As an employee, or a contractor paid mainly for your labour, you're entitled to mandatory super guarantee (SG) contributions from your employer.
If you suspect your employer hasn't paid some or all of your super entitlement, or hasn't paid it into the right fund, you should check with them and your nominated super fund.
If you're not sure which fund your super may have been paid into, you can identify any super funds in your name using ATO online services (see Keeping track of your super online).
If you confirm your employer hasn't met their obligations, we can help you recover your entitlements.
Separately to your efforts, we carry out some risk-based monitoring of employers' super obligations based on reporting by super funds and employers. Or we may investigate an employer's super guarantee compliance across their workforce in response to a report by another employee.
If we determine that your employer (or former employer) has not complied with their SG obligations for you, or we reasonably suspect this to be the case, we may disclose details of this to you.
Employers who don't pay super contributions by the due date or into the right fund must pay the super guarantee charge to us. We then pay SG shortfalls and interest into your super account. In this case, your super entitlement is based on your gross salary and wages including any allowances and overtime payments.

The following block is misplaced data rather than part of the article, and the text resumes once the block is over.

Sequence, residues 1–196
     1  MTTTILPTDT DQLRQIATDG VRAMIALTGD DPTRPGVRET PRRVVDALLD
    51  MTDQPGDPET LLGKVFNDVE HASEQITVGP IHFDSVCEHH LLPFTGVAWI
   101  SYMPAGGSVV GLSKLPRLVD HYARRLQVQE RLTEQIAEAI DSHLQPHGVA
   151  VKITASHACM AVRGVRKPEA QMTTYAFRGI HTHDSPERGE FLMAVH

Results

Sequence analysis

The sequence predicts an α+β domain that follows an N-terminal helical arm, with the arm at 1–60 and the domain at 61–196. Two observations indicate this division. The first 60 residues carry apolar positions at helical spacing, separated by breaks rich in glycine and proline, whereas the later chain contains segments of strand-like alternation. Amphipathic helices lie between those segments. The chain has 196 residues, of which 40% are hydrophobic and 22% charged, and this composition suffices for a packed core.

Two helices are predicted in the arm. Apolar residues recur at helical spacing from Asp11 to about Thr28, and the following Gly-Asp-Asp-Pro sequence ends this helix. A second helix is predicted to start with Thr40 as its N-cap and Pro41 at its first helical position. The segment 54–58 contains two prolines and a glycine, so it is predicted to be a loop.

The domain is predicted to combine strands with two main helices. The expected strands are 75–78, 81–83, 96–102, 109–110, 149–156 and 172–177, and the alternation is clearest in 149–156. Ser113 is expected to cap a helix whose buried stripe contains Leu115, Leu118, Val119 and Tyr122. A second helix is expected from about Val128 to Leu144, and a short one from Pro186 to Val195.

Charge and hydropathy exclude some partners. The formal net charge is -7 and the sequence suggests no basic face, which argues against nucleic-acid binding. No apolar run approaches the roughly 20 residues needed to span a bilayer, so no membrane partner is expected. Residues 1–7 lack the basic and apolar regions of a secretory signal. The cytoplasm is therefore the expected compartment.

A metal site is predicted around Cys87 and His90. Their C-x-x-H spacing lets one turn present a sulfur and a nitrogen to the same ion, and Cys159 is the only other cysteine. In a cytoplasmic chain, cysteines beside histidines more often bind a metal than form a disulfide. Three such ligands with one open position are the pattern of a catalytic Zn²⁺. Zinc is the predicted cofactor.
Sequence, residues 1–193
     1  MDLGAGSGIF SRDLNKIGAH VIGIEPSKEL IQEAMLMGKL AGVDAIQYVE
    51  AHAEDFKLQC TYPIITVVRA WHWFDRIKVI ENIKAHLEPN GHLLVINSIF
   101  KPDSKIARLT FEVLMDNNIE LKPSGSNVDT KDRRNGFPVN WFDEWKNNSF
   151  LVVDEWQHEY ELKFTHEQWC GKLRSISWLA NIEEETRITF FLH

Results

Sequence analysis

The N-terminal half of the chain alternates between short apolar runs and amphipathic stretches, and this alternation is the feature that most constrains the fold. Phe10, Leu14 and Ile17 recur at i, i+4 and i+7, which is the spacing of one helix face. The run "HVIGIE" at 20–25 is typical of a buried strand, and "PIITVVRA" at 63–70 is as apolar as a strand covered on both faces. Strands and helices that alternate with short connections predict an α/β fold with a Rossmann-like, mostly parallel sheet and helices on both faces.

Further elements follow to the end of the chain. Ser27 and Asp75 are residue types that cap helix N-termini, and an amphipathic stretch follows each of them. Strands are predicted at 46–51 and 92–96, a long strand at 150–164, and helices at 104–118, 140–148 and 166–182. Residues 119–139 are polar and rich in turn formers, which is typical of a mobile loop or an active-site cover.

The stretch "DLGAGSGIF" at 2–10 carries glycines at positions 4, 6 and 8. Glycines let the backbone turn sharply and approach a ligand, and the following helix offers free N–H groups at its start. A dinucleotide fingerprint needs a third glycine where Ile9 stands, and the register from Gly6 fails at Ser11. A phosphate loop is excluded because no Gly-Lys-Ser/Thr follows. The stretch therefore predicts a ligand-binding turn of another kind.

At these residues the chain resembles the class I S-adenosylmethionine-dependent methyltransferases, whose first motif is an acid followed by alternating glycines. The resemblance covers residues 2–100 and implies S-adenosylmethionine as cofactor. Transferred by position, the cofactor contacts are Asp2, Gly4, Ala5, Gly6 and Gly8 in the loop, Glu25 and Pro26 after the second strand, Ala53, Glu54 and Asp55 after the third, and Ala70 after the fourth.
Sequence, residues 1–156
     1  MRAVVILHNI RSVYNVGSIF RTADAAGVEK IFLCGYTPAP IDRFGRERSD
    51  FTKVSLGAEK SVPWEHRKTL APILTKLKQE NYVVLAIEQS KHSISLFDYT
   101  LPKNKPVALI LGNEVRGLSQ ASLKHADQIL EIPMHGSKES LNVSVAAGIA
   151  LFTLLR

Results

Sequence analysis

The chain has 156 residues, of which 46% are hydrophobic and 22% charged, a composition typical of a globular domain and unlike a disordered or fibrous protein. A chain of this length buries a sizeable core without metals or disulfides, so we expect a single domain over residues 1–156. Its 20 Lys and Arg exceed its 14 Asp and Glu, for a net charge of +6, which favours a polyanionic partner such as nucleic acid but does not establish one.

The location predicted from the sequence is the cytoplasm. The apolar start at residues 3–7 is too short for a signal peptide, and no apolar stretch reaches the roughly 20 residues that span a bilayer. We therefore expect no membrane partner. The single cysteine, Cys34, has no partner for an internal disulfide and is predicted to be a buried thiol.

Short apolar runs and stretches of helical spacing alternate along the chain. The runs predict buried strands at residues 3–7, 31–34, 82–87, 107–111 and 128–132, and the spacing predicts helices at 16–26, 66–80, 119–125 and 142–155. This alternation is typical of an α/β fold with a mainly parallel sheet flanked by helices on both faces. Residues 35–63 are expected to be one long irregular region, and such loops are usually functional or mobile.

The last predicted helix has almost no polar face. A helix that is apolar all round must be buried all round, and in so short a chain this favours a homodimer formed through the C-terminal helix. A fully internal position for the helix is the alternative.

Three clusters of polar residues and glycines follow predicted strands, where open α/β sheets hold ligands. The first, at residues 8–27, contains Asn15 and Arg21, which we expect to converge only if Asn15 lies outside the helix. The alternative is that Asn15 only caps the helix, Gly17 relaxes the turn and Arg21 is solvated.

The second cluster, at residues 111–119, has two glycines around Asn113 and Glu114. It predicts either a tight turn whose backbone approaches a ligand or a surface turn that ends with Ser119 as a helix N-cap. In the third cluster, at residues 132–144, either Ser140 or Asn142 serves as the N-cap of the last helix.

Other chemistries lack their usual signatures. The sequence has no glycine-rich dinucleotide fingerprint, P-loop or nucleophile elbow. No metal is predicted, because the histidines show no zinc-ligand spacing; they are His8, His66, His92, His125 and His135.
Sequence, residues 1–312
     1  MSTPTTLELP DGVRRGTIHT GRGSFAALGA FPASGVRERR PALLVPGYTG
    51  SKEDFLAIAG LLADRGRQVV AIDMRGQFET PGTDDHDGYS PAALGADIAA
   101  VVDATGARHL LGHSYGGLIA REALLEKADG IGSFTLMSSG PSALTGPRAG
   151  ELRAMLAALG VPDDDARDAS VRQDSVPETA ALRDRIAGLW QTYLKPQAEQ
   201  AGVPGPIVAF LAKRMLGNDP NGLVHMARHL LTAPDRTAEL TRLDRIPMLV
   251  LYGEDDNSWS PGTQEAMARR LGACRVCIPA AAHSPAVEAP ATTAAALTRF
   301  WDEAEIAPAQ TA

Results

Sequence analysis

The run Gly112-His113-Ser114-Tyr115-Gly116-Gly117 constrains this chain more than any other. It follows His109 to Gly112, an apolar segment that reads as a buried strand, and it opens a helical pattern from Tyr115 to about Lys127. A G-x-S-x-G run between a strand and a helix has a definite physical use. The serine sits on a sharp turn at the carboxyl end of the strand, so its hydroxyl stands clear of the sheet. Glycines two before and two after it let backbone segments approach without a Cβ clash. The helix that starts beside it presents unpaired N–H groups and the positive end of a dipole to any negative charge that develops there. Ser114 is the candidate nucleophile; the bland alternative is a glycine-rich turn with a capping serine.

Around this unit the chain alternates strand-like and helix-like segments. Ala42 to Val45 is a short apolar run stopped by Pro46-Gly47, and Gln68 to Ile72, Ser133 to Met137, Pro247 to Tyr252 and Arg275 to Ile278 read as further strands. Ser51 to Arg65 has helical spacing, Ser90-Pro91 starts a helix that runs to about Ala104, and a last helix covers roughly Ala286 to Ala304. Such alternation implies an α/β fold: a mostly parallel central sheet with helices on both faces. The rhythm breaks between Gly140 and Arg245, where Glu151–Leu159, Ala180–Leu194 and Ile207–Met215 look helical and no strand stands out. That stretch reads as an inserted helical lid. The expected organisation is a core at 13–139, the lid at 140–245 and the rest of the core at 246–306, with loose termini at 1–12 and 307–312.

If you think your employer isn’t paying your super contributions, follow these steps:
Step 1: Are you entitled to super?
Use our Am I entitled to super? tool to confirm you're entitled to super before taking any further steps.
After answering some questions about the working arrangement between you and your employer, you'll receive advice on whether you're entitled to super from the employer.
If the outcome is that you are entitled to super, go to step 2.
Step 2: Has the correct super payment been made into the right fund?
Check how much has been paid into your super account by:
- looking up your super on ATO online services to view the super contributions that have been paid into your nominated super fund and reported to us
- asking your employer
- how much they've paid
- which fund they've paid it into
- checking your member statement from your super fund.
If you've left a job and are no longer in touch with your previous employer, check whether your super entitlement has been paid into a different fund than the one you expected. You can identify any super funds in your name using ATO online services (see Keeping track of your super online).
If you're satisfied that your super entitlements have not been paid or under paid, go to step 3.
If you think your super entitlements have not been paid into the right fund, check whether you're eligible to choose the fund and if so whether the payments have been paid into the fund you nominated on a superannuation standard choice form.
Step 3: Calculate your super entitlements
If you know how much super hasn't been paid and the period it relates to, go to step 4.
If you're unsure, use the Estimate my super calculator to work out your entitlement. If you believe you haven't been paid the correct super, go to step 4.
Step 4: Report unpaid super
If you've confirmed your super hasn't been paid correctly and completed all of the checks in the above steps, you can report your employer using our online tool.
If possible, try to resolve your complaint by discussing it with your employer before reporting them. For example, if they've made a simple mistake in calculating your entitlement or paying it into the right fund, an open discussion might be the most effective way to sort things out and get your super back on track.
If you do decide to report your employer to us, we'll keep you updated on the investigation, including any recovery actions we might be taking.